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Did Audi Import Chrysler's Eminem Spot?

Eight Mile Style Sues German Automaker Over Use of Rapper's Song in New A6 Commercial

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Do you think Audi's new spot is a ripoff of Chrysler's Super Bowl classic? Tell is in the comments below.
Do you think Audi's new spot is a ripoff of Chrysler's Super Bowl classic? Tell is in the comments below.

Imported from Munich?

A new Audi video for the 2012 A6 Avant features the vehicle driving through the dark streets of the German city as a guitar riffs in the background. The camera pans the passing cityscape, zooms in on various features on the car and flashes to the stern-looking driver.

Many observers, including the rapper Eminem, think the spot is a knockoff of Chrysler Group's now famous "Imported From Detroit" ad, Automotive News reports today.

Eight Mile Style, the company that is responsible for licensing Eminem's songs, has filed a cease-and-desist lawsuit against Audi in the Hamburg regional court in Germany, claiming that the Audi commercial uses a version of Eminem's "Lose Yourself" -- the song used in Chrysler's highly acclaimed Super Bowl spot -- without permission.

"It is absolutely shocking," Joel Martin, manager of Eight Mile Style, said in a statement. "We believe Audi not only used 'Lose Yourself' to sell their product without permission, but their spot actually feels inspired by elements of Chrysler's commercial campaign."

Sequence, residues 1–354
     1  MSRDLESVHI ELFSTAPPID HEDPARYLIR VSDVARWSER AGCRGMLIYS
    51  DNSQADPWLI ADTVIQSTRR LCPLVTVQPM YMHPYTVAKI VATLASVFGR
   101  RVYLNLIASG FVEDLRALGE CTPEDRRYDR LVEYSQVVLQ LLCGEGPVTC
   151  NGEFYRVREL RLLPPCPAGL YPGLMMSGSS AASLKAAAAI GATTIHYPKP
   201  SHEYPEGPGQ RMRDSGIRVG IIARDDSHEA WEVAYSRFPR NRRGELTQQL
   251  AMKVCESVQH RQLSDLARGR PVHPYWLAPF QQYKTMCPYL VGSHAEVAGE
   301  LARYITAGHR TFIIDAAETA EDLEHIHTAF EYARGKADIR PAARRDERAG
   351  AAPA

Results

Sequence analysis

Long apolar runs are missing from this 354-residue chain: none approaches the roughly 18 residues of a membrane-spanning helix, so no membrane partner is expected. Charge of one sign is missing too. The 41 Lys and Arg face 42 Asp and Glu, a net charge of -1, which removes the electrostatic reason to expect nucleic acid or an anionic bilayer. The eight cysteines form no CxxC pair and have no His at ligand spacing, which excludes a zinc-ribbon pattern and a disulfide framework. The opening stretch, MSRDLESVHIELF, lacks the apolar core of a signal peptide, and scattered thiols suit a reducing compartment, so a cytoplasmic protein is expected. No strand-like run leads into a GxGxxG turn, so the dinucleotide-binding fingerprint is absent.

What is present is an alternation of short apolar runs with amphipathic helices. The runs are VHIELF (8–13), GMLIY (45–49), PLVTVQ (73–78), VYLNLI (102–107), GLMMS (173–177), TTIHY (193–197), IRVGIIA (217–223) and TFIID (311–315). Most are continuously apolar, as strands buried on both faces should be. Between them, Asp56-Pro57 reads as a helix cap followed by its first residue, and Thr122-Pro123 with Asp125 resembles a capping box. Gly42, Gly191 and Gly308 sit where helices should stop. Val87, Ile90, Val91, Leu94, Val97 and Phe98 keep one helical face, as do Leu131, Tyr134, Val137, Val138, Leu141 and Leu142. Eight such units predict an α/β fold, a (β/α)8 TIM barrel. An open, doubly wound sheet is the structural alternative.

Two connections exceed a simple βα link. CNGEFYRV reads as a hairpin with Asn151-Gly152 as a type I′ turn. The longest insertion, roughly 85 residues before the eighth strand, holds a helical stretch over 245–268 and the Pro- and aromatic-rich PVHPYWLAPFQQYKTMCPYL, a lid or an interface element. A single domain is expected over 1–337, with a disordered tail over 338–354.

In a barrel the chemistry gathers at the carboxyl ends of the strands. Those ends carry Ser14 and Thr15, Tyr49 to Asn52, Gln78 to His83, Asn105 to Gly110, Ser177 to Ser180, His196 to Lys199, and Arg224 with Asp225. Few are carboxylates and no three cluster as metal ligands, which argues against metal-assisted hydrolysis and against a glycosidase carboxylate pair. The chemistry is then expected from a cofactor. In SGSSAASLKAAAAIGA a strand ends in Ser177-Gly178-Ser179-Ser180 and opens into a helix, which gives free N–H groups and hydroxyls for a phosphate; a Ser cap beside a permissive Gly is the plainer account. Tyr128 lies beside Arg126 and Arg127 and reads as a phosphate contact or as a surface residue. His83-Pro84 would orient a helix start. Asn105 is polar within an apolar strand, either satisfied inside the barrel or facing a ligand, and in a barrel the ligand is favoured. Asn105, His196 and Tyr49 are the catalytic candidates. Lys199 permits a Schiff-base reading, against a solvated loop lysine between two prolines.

A German lawyer representing Eight Mile Style said in the statement that along with a cease-and-desist order, the group would seek damages from Audi.

The commercial debuted at a May 18 press event in Berlin that introduced the A6 Avant. The commercial hasn't aired in the U.S., but it has been uploaded to YouTube several times and has over 70,000 views.

Audi has no plans to sell the car in the U.S., an Audi spokesman said.

Chrysler spokesman Gualberto Ranieri wrote in an email that Chrysler knew about the Audi spot, but it isn't a party to the Eight Mile Style suit.

"Apparently someone believes that the definition of copyright laws is the right to copy other's materials," Mr. Ranieri wrote, "including world-renowned successes created by Chrysler Group's brands."

Here are the two spots. What do you think? Tell us in the comments below.

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Joseph Lichterman writes for Automotive News.
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